Three UCLA Players Accused of Stealing Louis Vuitton Sunglasses Are Still Being Held in a Chinese Hotel

US President Donald Trump (L) and China's President Xi Jinping leave a business leaders event at the Great Hall of the People in Beijing on November 9, 2017. NICOLAS ASFOURI/AFP/Getty Images

The case of three college freshman basketball players arrested last week in China has become the center of international diplomatic negotiations—after U.S. President Donald Trump personally asked Chinese President Xi Jinping for help.

Trump, who left Beijing on Friday for Vietnam and now the Philippines, requested that Xi ensure that the case is resolved quickly and that the three players are treated fairly, U.S. Principal Deputy Press Secretary Raj Shah said in a telephone interview, reported the Washington Post.

But who are the players and why are they being detained?

The three UCLA freshman—LiAngelo Ball, Cody Riley and Jalen Hill—were arrested last week in Hangzhou ahead of their team's season opener and accused of stealing sunglasses from a Louis Vuitton store near the hotel.

Ball is the younger brother of LA Lakers guard Lonzo ball—and he and his two team mates missed their team's 63-60 win over Georgia Tech while confined to their hotel rooms as police investigate the alleged theft. According to ESPN, Chinese police have surveillance footage of the incident.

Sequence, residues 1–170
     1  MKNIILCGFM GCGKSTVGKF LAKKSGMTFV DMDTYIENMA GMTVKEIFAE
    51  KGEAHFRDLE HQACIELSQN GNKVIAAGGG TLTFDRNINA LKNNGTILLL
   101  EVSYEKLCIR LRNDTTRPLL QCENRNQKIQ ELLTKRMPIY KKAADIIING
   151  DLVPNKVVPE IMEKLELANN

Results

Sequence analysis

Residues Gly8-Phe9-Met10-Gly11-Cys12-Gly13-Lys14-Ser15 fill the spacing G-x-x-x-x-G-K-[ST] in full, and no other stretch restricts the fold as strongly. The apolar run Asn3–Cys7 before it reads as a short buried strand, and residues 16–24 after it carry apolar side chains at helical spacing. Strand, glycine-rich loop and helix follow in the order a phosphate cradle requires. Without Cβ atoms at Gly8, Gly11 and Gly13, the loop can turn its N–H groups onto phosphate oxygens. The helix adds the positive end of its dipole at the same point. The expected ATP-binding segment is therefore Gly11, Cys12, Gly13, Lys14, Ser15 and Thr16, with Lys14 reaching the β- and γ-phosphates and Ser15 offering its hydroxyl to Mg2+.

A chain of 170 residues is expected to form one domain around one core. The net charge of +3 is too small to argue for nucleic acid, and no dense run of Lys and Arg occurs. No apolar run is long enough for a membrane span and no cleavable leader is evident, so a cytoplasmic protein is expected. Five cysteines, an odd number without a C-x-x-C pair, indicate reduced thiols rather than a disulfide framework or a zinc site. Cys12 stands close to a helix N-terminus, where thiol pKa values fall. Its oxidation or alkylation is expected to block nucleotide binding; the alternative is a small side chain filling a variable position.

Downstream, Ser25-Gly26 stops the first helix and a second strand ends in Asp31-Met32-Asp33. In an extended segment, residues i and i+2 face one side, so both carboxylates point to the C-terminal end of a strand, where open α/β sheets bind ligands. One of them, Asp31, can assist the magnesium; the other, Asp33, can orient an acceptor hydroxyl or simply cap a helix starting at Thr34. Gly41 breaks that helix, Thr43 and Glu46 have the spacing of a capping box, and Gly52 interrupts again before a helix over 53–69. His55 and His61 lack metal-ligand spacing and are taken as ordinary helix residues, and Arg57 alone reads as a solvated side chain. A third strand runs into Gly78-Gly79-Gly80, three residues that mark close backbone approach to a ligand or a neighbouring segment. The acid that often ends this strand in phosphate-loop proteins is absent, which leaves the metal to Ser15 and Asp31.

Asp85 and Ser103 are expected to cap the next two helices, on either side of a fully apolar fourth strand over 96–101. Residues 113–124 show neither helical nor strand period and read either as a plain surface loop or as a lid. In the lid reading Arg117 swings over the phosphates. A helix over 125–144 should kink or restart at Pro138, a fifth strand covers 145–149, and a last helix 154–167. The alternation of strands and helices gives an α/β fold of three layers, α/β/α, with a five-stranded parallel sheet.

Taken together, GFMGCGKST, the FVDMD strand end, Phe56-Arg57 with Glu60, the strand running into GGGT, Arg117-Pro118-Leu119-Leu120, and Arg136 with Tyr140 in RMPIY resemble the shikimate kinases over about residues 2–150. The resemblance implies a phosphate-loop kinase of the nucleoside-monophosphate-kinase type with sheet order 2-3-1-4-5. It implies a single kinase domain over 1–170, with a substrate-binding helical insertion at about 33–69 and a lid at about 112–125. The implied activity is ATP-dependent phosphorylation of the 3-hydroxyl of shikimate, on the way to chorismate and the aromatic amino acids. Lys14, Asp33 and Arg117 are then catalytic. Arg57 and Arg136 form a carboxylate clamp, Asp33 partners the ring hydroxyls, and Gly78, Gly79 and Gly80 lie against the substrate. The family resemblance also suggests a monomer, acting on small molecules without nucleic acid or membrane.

The UCLA team returned to the U.S. on Saturday, and the three players are still believed to be confined in the hotel. With the college basketball season having started this month, the legal dispute could see them missing a key stretch of the early season.

However the consequences could be much more serious, with theft punishable by up to 10 years in prison under Chinese law.

A U.S. official who spoke to the Post on condition of anonymity said the charges had been reduced and the case appeared to be heading to a resolution.

LiAngelo's family had travelled to China top promote their sportswear brand, Big Baller, and watch him play, reported CNN. On social media LiAngelo's father, LaVar, said that the legal process could take months to resolve.

The UCLA trip coincided with Trump's first trip to China as president, and the U.S. raised the issue with his Chinese counterpart during his visit to China, a White House spokesman said Monday.

Trump's 13 day tour of Asia concludes this week.